Tuesday I went to the White House to hear President Obama announce his plan to issue new greenhouse gas and fuel economy standards for cars and trucks. This plan, based on California's groundbreaking emissions law, makes everybody a winner.
Drivers will save money when they fill up their tanks. The auto industry will become more competitive by making the clean, high-mileage cars of the future. America will reduce its oil dependence and stabilize its national security. And our planet will have fewer global warming emissions to contend with.
NRDC and other environmental groups have long called for federal regulations of global warming emissions from cars. But it is heartening to see the auto industry finally back such an effort as well.
Car makers welcome Obama's plan because it creates nationally uniform standards. No matter what state you buy a car in, by the year 2016 it will release 30 percent fewer greenhouse gas emissions than it does today.
I was pleased to be invited to the White House for this historic breakthrough. It was an honor to be with President Obama, Governor Schwarzenegger, and other leaders who support this clean car transformation.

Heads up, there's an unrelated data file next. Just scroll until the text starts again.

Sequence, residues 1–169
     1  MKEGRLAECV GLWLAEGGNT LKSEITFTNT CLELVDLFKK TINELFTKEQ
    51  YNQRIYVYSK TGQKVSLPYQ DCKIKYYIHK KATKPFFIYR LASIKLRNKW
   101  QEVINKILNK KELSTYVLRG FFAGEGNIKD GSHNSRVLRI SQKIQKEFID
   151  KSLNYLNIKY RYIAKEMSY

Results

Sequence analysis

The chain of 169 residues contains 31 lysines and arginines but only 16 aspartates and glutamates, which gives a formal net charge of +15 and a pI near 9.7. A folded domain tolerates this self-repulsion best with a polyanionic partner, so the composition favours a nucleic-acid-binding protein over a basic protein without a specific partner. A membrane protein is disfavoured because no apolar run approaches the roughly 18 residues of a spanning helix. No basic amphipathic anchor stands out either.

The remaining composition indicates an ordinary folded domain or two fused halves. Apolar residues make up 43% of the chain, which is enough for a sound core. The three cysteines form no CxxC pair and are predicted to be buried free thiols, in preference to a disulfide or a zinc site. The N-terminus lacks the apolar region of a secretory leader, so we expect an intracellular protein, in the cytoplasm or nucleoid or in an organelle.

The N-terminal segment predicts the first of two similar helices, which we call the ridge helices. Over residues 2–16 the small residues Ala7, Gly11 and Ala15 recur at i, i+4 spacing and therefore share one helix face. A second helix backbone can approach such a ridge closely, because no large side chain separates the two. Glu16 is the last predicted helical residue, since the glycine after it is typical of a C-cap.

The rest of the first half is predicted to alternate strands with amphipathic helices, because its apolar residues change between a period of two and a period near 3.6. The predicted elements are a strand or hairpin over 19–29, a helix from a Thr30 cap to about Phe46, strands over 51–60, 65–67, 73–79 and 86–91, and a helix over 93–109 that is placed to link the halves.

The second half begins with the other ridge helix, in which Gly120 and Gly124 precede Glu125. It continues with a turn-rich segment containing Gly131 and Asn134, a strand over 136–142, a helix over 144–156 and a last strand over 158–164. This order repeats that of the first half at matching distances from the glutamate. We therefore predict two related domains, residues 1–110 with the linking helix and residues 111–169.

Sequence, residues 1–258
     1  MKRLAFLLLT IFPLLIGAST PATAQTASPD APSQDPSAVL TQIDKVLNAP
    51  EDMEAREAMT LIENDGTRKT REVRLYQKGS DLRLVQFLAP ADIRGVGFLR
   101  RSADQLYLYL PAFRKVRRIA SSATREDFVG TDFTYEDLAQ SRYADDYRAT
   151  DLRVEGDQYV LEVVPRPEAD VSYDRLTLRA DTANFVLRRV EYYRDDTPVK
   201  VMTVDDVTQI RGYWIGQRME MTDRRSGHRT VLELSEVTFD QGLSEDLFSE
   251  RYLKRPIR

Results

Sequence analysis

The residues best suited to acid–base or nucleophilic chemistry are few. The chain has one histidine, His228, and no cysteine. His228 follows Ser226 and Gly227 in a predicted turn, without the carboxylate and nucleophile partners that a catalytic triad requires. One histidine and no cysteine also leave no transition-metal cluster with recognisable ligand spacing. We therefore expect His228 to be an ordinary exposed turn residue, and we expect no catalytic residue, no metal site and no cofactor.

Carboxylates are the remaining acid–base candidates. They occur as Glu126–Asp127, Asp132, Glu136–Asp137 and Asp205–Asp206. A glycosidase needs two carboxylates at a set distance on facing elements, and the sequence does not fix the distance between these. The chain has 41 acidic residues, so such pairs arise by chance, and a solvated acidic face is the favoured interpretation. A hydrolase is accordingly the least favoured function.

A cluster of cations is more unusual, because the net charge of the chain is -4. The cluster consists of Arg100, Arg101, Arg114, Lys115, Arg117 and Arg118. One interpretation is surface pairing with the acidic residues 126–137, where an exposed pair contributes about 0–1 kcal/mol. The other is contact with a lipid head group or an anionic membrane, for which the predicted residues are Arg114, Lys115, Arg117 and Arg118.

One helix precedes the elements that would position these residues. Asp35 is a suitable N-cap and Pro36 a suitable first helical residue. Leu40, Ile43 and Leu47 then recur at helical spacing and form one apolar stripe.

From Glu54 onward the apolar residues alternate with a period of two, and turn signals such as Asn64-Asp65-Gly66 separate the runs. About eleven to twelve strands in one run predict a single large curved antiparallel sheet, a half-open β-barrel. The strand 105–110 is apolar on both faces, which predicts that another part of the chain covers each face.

But in my view, the real hero of the day was Fran Pavley, the former state legislator who wrote the California law upon which this national plan is modeled.
Pavley spent 25 years teaching history at a middle school north of Los Angeles. Over the years, she had seen many of her students suffer from asthma, using inhalers in class and missing school. Hot summer days made the air quality worse in her community. As Fran learned the connections between carbon dioxide, global warming, and rising temperatures, she decided to do something about it.
When she went to the state legislature in 2000, she used her first term in office to draft--along with NRDC--a bill that would slash global warming pollution from cars and trucks. It was a noble effort, but few in the legislature took it seriously. Here was this freshman legislator taking on the automobile industry. How could she win?
She won by using her main skill: teaching. She educated the other legislators, one at a time, about why global warming was so important to the future of California. As one of her fellow state senators said, "You know she doesn't have any leverage, except for the truth." Once other legislators started learning the truth, they were persuaded.
In 2002, California passed what is now know as the Pavley bill, which cut global warming emissions from vehicles by 30 percent.
Now, thanks to Pavley remarkable, underdog victory, all of us will win the benefits of cleaner air, better cars, and lower gas bills.